Saturday, June 1, 2013

Clean Energy: A Rebuttal to a Critique

Murray Weidenbaum is a prominent figure in business and government. He served as Assistant Secretary of the Treasury from 1969 to 1971, and in 1981-82 as Chairman of the Council of Economic Advisers. His research and teaching interests are government regulation of business, public finance, and economic policy. Weidenbaum is an honorary fellow of the Society of Technical Communication and a fellow of the National Association of Business Economics. His book, Small Wars, Big Defense, was selected by the Association of American Publishers as the outstanding economics book of 1992. His Bamboo Network was a finalist for global business book of the year in 1996. His book, One-Armed Economist: The Intersection of Business and Government was published in 2004. In 2008, The Competition of Ideas: The World of Washington Think Tanks, was published by Transaction Press.  He founded the Center for the Study of American Business at Washington University and directed the Center for many years. The center was renamed in his honor in 2001 to the Murray Weidenbaum Center on the Economy, Government, and Public Policy. Professor Weidenbaum teaches a popular course on business and government. 


           My friend and colleague, Professor Itai Sened, raises important points in his April 16 critique of my entry of April 1 on the subject of clean energy subsidies.  His first point (“Dirty Politics”) related to a mutual criticism, the sad state of U.S. infrastructure.  But that issue provides a useful example of the shortcomings of political intervention in the U.S. economy.
            By statute, the federal government diverts a substantial portion of the proceeds of the special excise taxes paid by motorists to support projects unrelated to highways.  Those non-highway transportation facilities usually operate at a substantial loss (e.g., mass transit).  If the money could stay in the highway trust fund, it could be used to finance the needed repair and/or replacement of bridges and tunnels that are in bad shape.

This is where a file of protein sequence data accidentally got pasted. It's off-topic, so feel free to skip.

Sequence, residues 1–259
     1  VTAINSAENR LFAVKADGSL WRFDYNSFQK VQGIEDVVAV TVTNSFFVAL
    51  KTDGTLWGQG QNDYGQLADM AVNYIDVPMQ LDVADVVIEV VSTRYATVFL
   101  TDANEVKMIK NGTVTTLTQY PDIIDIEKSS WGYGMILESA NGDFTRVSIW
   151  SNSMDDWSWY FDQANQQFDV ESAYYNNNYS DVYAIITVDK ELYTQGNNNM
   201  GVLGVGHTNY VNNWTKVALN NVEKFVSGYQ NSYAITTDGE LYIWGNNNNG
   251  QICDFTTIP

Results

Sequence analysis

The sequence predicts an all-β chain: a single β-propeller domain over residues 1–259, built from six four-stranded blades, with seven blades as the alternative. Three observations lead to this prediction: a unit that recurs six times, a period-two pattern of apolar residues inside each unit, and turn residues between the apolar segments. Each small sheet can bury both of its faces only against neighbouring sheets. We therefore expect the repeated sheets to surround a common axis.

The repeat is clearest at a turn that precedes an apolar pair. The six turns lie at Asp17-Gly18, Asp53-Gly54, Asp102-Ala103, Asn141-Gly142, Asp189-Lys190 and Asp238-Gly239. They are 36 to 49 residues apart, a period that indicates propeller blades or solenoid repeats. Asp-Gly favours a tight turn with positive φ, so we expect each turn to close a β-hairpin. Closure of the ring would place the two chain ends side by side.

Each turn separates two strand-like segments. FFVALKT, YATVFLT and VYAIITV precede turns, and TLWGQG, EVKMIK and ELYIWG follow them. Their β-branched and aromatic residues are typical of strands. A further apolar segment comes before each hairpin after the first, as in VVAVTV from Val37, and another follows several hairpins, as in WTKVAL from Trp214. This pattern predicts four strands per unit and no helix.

As for Professor Sened’s next point, “Subsidizing Clean Energy,” he may be missing my basic motivation in opposing subsidizing energy programs, especially those that embody old technology.  Over the centuries, economic history demonstrates clearly that, when the development of new technology enables new energy projects to be competitive with conventional energy sources, the pressures of the marketplace will take over.  Simultaneously, our joint desire for a cleaner and healthier environment will be advanced.  The need for government intervention will diminish if not disappear.
            To clear the air (no pun intended), my opposition to government subsidizing the private sector is not limited to “green energy” — or to energy projects per se.  My opposition (and that of a great many economists) to farm subsidies is of far longer standing.
            Let us now turn to Professor Sened’s optimistic assessment of the financial performance of “clean energy” companies.  The May 20 issue of Fortune reported that “the past few years have been a dark period for the solar industry.”  This article cites the bankruptcy of several major solar companies, at home and abroad.
            I am delighted that Professor Sened and I are in agreement that the current prospects for clean energy jobs have been overstated.  Along those lines it may be helpful to note a new study of green jobs by Benn Steil and Dinah Walker of the Council of Foreign Relations.  They report that each job in wind energy costs the taxpayer an average of $46,667.  For solar energy, the average cost per job is $18,333, and $1,959 for oil and gas.
            The basic way to encourage employment is not via special interest subsidies, but through a more rapid and durable pace of economic growth.  There are many sensible ways of attaining that desirable condition.  They range from increasing the skills of American job seekers (a task for government as well as the private sector) to reducing the barriers to business expansion (through rationalizing the labyrinth of regulatory and tax obstacles that reduce the nation’s competitiveness).  The resultant higher levels of income and output would provide individual citizens greater opportunities to devote resources to achieving their longer-term goals.
 

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